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Torsade de pointes

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Torsade de pointes

Torsades de pointes
Classification and external resources
Hypomagnesemia (1.6 mg/dL.) DiseasesDB = 29252
eMedicine MeSH D016171

Torsades de pointes (TdP or simply "torsades") (French: [tɔʁsad də pwɛ̃t], translated as "twisting of the spikes"), is a polymorphic ventricular tachycardia that exhibits distinct characteristics on the electrocardiogram (ECG). It was described by Dessertenne in 1966.[1]


The ECG tracing in torsades demonstrates a polymorphic ventricular tachycardia with a characteristic illusion of a twisting of the QRS complex around the isoelectric baseline. It is hemodynamically unstable and causes a sudden drop in arterial blood pressure, leading to dizziness and syncope. Depending on their cause, most individual episodes of torsades de pointes revert to normal sinus rhythm within a few seconds, but may also persist and possibly degenerate into ventricular fibrillation, which will lead to sudden death in the absence of prompt medical intervention. Torsades de pointes is associated with long QT syndrome, a condition whereby prolonged QT intervals are visible on the ECG. Long QT intervals predispose the patient to an R-on-T phenomenon, where the R wave representing ventricular depolarization occurs during the relative refractory period at the end of repolarization (represented by the latter half of the T-wave). An R-on-T can initiate torsades. Sometimes pathologic T-U waves may be seen in the ECG before the initiation of torsades.[2]

A "short-coupled variant of torsade de pointes", which presents without long QT syndrome, was also described in 1994.[3]


  • Drastic rotation of the heart's electrical axis
  • Prolonged QT interval (LQTS) - not present in the short-coupled variant of torsade de pointes
  • Preceded by long and short RR-intervals
  • Triggered by an early premature ventricular contraction (R-on-T PVC)


Long QT syndrome can either be inherited as congenital mutations of ion channels carrying the cardiac impulse/action potential or acquired as a result of drugs that block these cardiac ion currents.


Most episodes revert spontaneously to sinus rhythm. Palpitations, dizziness, lightheadedness (short episodes) Syncope (longer episodes) Sudden death

Common causes for torsades de pointes include diarrhea, hypomagnesemia and hypokalemia. It is commonly seen in malnourished individuals and chronic alcoholics. Certain combinations of drugs resulting in drug interactions may contribute: decreasing the metabolism of a medication causing QT elongation such as clarithromycin (Biaxin), levofloxacin, or haloperidol (Haldol), taken concomitantly with a specific cytochrome P450 inhibitor like fluoxetine (Prozac), cimetidine (Tagamet); foods like grapefruit will result in higher than normal doses of the medication responsible for the QT elongation. Since these specific drugs worsen the elongation of the QT wave in a dose-dependent manner, inhibition of drug metabolism raises the risks of developing a malignant torsades de pointes arrhythmia.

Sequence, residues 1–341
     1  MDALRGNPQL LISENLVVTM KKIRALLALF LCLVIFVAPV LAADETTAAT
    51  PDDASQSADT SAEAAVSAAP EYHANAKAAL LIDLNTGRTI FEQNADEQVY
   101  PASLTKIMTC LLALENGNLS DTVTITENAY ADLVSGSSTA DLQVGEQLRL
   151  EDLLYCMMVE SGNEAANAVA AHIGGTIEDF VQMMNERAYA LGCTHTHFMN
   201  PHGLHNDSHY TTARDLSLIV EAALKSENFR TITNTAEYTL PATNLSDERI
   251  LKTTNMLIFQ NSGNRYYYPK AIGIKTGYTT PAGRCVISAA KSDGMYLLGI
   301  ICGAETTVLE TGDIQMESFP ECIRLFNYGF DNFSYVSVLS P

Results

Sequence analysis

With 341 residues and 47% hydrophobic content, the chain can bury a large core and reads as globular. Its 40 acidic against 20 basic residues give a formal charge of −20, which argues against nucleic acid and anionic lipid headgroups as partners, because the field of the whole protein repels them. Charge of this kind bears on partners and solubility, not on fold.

Various other medications are known to cause QT elongation. Examples include amiodarone, methadone, lithium, chloroquine, erythromycin, and phenothiazines. It can also be the side effect of some antiarrhythmic medications such as sotalol, procainamide and quinidine. The gastrokinetic drug cisapride (Propulsid) was withdrawn from the US market in 2000 after such interactions led to deaths caused by long QT syndrome-induced torsades de pointes.

Prescription drug interactions

In September 2011 (and updated in March 2012), the FDA issued a warning concerning increased incidence of QT elongation with doses of the antidepressant Celexa (citalopram) above 40 mg per day, which is considered the maximum allowable dosage, increasing the risk of Torsades.[4][5] However, the study, "Evaluation of the FDA Warning Against Prescribing Citalopram at Doses Exceeding 40 mg" reported no increased risk of abnormal arrhythmias thus questioning the merit of FDA warning.[6]

General risk factors

Factors that are associated with an increased tendency toward torsades de pointes include:


Treatment is directed at withdrawal of the offending agent, infusion of magnesium sulfate,[7][8] antiarrhythmic drugs, and electrical therapy as needed.

Because of the polymorphic nature of torsades de pointes, synchronized cardioversion may not be possible, and the patient may require an unsynchronized shock (or defibrillation).

History and terminology

The phenomenon was originally described in a French medical journal by Dessertenne in 1966, when he observed this cardiac rhythm disorder in an 80-year-old female patient with complete intermittent atrioventricular block. In coining the term, he referred his colleagues to the "Dictionnaire Le Robert," a bilingual French English dictionary, of which his wife had just given him a copy. Here "torsade" is defined as (a)a bundle of threads twisted in a helix or spiral, for ornamental purposes, as in an Arun jumper; (b) long hair twisted together, or (c) an ornamental motive as seen on architectural columns.


External links

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